Like most mothers I look at my daughter and often think and tell her how smart, beautiful, funny, charismatic, kind and any other positive adjective I can think of. I know and accept my bias towards her…I think we all have them as parents.
I started to think about the role I play in her life and I got this pit in my stomach. One that gave me an unerving feeling as I realized the importance of every action and word that comes out of my mouth. Greater than any role I will have in her life I am her first teacher.
She learned simple actions – how to smile, when to sleep and who are the important people in her life. Now I realize I have an even greater opportunity to teach her how to strive towards greatness through positivity, how to recognize the good in others and most importantly how to accept and love herself. As a woman I realized the great pressure this impressed upon me when I’m still on that journey myself. She learned most of how she views the world through my eyes. This has both its upside and down.
Like anyone I’m working towards repairing the body image I have of myself. I’m on a lifelong journey towards self-acceptance and quite frankly some days go better than others. On bad days my internal monologue would never be repeated to the worst of offenders and all I can see are the flaws in the mirror.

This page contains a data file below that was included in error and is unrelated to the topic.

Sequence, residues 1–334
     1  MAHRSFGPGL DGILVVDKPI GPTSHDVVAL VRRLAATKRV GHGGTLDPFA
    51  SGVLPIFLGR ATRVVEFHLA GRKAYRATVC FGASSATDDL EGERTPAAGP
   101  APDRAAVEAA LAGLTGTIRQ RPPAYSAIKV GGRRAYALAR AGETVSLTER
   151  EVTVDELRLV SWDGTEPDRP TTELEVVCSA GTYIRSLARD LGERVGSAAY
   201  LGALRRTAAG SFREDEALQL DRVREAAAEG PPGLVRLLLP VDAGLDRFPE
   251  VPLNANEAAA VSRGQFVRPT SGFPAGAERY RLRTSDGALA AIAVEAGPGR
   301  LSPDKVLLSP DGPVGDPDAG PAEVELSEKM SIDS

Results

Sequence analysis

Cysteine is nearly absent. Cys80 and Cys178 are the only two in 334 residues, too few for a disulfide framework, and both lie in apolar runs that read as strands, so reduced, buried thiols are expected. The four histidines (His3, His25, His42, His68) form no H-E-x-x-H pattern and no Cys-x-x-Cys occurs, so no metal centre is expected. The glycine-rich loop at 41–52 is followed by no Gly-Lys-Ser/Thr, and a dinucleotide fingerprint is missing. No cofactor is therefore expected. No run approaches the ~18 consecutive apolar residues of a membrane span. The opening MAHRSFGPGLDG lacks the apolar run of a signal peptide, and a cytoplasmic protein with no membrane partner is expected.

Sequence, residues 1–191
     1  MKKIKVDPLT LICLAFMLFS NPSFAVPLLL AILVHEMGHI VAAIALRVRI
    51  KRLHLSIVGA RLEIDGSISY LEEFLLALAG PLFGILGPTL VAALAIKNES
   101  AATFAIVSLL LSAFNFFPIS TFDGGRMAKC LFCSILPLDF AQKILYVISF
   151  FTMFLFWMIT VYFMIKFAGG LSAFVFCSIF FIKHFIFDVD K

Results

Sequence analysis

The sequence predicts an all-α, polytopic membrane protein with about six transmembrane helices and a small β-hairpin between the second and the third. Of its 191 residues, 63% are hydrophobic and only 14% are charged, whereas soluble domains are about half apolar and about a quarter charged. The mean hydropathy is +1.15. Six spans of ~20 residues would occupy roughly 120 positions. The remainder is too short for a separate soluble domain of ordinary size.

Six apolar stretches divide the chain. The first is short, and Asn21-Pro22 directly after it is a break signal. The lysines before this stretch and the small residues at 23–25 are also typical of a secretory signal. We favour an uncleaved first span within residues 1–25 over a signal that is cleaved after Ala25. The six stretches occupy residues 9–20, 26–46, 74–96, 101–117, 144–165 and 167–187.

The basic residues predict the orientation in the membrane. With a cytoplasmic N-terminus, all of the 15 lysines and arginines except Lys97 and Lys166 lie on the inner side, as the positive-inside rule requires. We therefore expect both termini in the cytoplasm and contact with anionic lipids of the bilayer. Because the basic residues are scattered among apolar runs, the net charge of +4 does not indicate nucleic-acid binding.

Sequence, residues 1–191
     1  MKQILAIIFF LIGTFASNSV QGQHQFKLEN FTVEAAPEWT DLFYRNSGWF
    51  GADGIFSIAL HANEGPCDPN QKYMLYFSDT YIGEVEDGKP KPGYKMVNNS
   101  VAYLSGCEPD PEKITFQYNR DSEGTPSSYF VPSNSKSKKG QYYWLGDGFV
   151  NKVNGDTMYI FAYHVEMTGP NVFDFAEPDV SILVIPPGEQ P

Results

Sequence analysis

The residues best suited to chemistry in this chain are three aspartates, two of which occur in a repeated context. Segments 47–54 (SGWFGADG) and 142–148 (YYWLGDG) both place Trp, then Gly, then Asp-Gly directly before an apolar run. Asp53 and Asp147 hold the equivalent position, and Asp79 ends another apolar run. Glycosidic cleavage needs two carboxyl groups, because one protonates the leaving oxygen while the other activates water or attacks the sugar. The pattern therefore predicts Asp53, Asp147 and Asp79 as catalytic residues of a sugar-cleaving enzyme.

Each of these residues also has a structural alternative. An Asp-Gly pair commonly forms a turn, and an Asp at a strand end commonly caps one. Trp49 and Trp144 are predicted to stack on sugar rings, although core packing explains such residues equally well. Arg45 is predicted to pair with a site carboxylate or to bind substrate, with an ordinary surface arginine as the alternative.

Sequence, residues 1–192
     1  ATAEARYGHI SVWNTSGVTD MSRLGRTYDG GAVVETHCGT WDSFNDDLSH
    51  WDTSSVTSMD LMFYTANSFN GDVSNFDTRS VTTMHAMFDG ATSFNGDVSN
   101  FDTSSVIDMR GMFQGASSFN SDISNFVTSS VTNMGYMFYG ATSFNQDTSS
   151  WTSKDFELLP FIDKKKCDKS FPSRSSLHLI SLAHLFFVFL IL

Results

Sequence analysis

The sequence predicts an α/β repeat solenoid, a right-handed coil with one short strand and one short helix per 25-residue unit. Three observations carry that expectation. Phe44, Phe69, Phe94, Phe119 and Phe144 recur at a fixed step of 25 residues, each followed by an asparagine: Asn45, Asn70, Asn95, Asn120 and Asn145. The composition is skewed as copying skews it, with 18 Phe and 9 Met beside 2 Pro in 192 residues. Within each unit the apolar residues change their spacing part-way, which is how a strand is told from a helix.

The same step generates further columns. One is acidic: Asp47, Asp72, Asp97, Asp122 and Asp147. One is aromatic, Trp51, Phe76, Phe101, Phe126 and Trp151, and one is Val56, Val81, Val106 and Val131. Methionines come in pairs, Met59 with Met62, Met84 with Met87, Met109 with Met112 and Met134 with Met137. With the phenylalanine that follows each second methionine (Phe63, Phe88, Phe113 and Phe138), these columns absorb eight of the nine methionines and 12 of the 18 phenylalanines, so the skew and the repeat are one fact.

And then it hit me. I would never allow my daughter to stay in that negative place of self-loathing. I would support her in seeing the best of herself. I would help her to understand what self-love and proper self-care would look like. I would spend my life showing her the way because no mother wants to see their child in pain and suffering.
But here’s the thing about us mom’s. We don’t ever have a day off. So whether it’s a good day or not I must remember the opportunity I have, actually the second chance I have to reinforce life through the lense of love with my daughter. In fact my role as teacher plays a little double duty. While I’m coaching her on positive body image and self-acceptance I can also reinforce these lessons for myself.
Not only can I show her the way that I might have taken an extra 20 years to figure out but I can remind myself how far I’ve come, cut myself some slack and continue to move forward.
The lesson here is to never forget the power of your words whether they be positive or negative and the impact they have not only on others but on yourself.